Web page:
Already we have a small crowd of doomsayers, naysayers and general prognosticators of oblivion.
I'm putting a cap on it now since it's mostly generalizations: "I've never seen it done before" / "These things rarely work out well."
There's nothing specific about the merger that hints of failure however I'm optimistic whereas I have pessimists in the ranks.
So, to the questions:
1. What pitfalls should we avoid?
2. What tips do you have to make this a smooth merger?
3. How should officers deal with the gloomy peanut gallery?
Anonymous, your guilds are already on the right track to succeeding in this venture because you have a solid plan in place for managing personnel and the officers are communicating with each other to make it work.
It's true that mergers are risky
and rife with the potential for drama. To an extent, your guild members are right to question it. After all, both of you seem to be doing okay on your own, at least from a raiding standpoint on your own. Why mix the two drinks when both taste just fine?
As officers, however, you have a better sense of where your guilds are headed. Judging by the general trend lately, it can be wise to merge now instead of waiting for attendance problems to surface and possibly lose members as a result. You're almost guaranteed to lose a few people who are unhappy with the merger, so you're looking at losing people either way.
Together, though, you should be able to cope with those losses much better than you could alone. After the merger, you'll have the flexibility to reduce your two progression teams down to one, if necessary, or to fill in slots with better players from the casual team. Neither situation is ideal, but it's preferable to canceling raids altogether.Three questions
To answer your first two questions, I'll refer you to the two-part column
I wrote about guild alliances way back in 2007. The same principles apply today, and the same concepts apply to mergers.
As for the forum naysayers, I wouldn't worry about them too much right now. Let them air their grievances, since shutting them down will only cause more rancor. Instead, acknowledge their concerns. Let them know that you hear them and will continue to listen to reasonable arguments. Ironically, doing so usually shuts people up -- mostly because they just want to be recognized as voting "against" (even if they don't really get a vote). Anything that falls under the category of unreasonable you can feel free to smother.
As long as they're just talking, that means they're willing to see where this leads. It's only if people start gquitting in droves that you have a problem. But if you follow the advice in the columns I linked above, you shouldn't have to worry about that!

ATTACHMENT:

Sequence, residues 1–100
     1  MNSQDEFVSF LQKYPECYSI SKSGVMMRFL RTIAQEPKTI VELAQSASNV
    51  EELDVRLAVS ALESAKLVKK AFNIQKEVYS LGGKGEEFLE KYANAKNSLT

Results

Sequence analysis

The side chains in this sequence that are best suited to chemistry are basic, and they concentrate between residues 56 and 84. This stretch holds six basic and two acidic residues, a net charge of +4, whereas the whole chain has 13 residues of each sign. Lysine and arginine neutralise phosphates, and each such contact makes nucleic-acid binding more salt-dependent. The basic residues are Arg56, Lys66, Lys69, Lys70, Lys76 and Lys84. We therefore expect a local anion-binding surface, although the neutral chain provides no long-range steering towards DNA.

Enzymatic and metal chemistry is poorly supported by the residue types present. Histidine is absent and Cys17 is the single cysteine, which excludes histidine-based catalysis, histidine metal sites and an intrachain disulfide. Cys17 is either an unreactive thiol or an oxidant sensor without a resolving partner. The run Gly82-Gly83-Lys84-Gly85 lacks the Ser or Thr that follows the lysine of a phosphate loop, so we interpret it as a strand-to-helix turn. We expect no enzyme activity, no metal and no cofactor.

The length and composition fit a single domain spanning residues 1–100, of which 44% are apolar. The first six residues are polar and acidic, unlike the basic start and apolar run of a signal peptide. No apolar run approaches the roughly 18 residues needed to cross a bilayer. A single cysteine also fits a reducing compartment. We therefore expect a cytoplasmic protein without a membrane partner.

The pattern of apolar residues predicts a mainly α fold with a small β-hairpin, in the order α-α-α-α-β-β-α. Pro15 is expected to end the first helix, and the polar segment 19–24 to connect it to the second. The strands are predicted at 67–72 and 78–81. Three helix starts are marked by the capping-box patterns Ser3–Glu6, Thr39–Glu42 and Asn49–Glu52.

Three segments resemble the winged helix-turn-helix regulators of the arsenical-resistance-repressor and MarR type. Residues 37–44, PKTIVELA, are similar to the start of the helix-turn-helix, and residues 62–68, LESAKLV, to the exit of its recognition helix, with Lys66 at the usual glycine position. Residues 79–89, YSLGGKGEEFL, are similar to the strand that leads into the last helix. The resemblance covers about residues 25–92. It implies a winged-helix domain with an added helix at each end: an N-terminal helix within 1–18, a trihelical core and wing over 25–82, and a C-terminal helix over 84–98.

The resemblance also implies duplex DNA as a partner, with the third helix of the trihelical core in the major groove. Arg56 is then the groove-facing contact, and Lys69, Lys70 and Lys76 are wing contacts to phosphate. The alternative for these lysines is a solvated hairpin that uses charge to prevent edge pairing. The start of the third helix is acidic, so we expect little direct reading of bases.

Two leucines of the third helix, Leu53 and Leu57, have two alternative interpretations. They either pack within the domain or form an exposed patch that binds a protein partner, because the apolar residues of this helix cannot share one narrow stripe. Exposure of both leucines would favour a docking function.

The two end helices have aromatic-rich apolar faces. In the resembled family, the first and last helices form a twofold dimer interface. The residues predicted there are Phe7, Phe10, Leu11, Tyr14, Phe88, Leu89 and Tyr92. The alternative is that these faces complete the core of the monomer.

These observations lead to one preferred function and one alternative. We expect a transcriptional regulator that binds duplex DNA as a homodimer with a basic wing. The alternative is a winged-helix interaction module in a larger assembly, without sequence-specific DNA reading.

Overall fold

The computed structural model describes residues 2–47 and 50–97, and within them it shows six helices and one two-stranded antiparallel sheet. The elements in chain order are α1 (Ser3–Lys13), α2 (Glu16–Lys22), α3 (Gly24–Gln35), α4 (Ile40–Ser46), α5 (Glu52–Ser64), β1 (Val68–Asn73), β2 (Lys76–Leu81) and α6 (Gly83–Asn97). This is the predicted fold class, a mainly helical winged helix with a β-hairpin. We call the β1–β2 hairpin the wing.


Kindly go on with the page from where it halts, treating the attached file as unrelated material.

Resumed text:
Like I said, it's practically inevitable that you will lose someone from your own roster when you merge. Somewhere, somehow, somebody is going to get rubbed the wrong way by the whole thing. Your job as officers is to keep your ears to the ground, encourage patience and tolerance, and minimize damage through the adjustment period.A viable solution
I would encourage guilds to consider mergers these days, especially if the alternative is to watch your guild suffer a slow, painful demise. If you're worried about losing perks, achievements, bank slots, etc., you could absorb one guild into the other. Just keep in mind that such a move will sting a bit for the players who "lost" their own guild. The officers will need to go out of their way to make sure the migrating members aren't made to feel inferior to those in the original guild.
As a way to cushion the blow, you may want to keep the empty guild intact by leaving an alt there as guild leader. Then at least your members know they can repopulate their former guild should events post-merger go awry.
Don't think about an alliance or merger as a quick fix. You'll still have to work hard to make them work, perhaps just as hard as you'd have to work to recruit. It's just different work. It's managing expectations, compromising on policies, learning to work with new officers, and handling any resulting drama.
Many mergers fail because their officers don't want to do this hard work. If you're looking for a quick fix, you're on the wrong track. Such things don't really exist in the social reality of MMOs. An alliance or a merger can be a great fix for attendance issues, but it is by no means easy to make such arrangements successful.
Recently, Officers' Quarters has examined how strong new leadership can create a guild turnaround, the pitfalls of promising more than you can deliver, and lessons learned from Scott's own guild demise. Send your own guild-related questions and suggestions to email@example.com.